When told that God can do immeasurably more, I immediately want to turn it toward what I can now do, but Paul immediately turns it toward who I can now be. As I’ve reflected on this over the past couple of weeks, I’ve come to realize that it’s probably easier for me to take the ball down the field and to go after it and get something done because all of that focuses on what I’m doing. But, being humble and gentle and patient and bearing with one another … those things focus on who I’m being. I think it’s always easier to do than to be. It’s always easier to focus on what I want to accomplish rather than on who I want to become. And, my own personal thought is that God is probably more concerned with who we are being rather than what we are doing because who we are will always show up in what we do … every time. (Stanley).
So, personally, that means it’s more important for me to think about who God wants me to be and how He wants to continue to shape me into that person … and that change will always start with humility.
So, if I want to allow God to continue His change in my life, it always has to start with me humbling myself. I know I’m not humbling myself when I see the best in me but the worst in others. I know I’m not humbling myself when I’m more concerned with being right than trying to understand. I know I’m not humbling myself when I’m more aware of what God has to do in you and less aware of what God wants to do in me. I know I’m not humbling myself when I start looking down on someone else because they are not yet where I believe I am. I know I’m not humbling myself when I’m seeking to be heard more instead of seeking to listen more. I know I’m not humbling myself when I’m willing to accept the credit but unwilling to accept the blame. I know I’m not humbling myself when I’m not praying. I know I’m not humbling myself when I’d rather be known for doing great things for God instead of being known for faithfulness to the God who has saved me.
If I’m not humble, I won’t be gentle. If I’m not gentle, I certainly won’t be patient. If I’m not patient, there is no way I will bear with someone in love. And, all of this just seems like an impossible task to me … to be humble and gentle and patient and bearing with other people … I mean, seriously! Give me a task to do any day! But, the reality is that I can’t “do” humble. I must “be” humble. I can’t “do” gentle. I must “be” gentle. I can’t “do” patient. I must “be” patient. I can’t “do” bearing. I must “be” humble and gentle and patient in order to bear with others in love.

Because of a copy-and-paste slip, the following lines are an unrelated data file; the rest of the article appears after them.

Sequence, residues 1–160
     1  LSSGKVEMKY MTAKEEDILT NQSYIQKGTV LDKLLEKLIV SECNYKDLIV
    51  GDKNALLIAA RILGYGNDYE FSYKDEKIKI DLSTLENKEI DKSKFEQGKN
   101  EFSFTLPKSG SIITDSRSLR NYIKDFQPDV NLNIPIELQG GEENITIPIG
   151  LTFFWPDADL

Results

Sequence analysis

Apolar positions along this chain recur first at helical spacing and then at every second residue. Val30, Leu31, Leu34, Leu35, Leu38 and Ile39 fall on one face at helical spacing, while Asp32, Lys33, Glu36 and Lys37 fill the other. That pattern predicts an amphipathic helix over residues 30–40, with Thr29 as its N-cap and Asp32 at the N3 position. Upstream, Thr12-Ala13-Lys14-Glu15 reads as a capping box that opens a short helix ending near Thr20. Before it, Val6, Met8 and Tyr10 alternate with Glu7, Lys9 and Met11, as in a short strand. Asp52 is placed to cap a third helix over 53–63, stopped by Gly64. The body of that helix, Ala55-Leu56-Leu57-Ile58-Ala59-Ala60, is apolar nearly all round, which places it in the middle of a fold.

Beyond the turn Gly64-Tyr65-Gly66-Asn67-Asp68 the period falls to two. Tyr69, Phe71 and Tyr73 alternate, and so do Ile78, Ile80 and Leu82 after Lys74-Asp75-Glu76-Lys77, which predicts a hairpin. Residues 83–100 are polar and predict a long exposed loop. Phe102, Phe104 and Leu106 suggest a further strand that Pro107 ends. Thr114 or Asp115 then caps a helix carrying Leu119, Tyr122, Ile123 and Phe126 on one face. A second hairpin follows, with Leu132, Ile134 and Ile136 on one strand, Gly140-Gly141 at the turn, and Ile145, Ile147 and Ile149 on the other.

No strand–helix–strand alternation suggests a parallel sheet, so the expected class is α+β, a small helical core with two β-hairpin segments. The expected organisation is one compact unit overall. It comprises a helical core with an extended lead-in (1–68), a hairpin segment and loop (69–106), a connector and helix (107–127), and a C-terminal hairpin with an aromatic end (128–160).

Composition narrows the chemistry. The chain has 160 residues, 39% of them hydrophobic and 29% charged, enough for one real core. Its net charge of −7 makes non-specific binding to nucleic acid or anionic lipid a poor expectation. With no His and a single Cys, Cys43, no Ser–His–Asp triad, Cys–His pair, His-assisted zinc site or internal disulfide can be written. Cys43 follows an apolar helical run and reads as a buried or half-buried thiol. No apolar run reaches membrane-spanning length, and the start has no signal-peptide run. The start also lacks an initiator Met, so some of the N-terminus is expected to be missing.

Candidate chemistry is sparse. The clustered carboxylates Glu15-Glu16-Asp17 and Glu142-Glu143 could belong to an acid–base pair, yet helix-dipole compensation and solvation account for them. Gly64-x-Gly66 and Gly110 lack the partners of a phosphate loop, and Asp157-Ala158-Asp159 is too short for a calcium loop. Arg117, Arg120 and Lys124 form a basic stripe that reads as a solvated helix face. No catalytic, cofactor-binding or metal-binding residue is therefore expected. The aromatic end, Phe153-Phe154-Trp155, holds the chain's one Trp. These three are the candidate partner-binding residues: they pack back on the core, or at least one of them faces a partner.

There are some very difficult people out there. And, honestly, I don’t have to look any further than the mirror to see one of those difficult people. When dealing with difficult people, my natural reaction is to always ask, “Why do they have to be this way?” But, when I do that, I am basically looking at how they need to change instead of how I need to act. Yet, in the most difficult of situations, I need to be completely humble and gentle and patient and I need to bear with others in love. And, I just don’t know how that’s even possible sometimes … until I read Ephesians 4:7 … “But grace was given to each one of us according to the measure of Christ’s gift.” So, what that tells me is that God’s grace will always intersect my life and enable me to be the person I could never be on my own.
“God’s grace is the most powerful force in the universe … It reaches you where you are and takes you where God wants you to be. It has the power to do something that nothing else can do: transform you at the core of who you are as a human being - your heart.” (Tripp)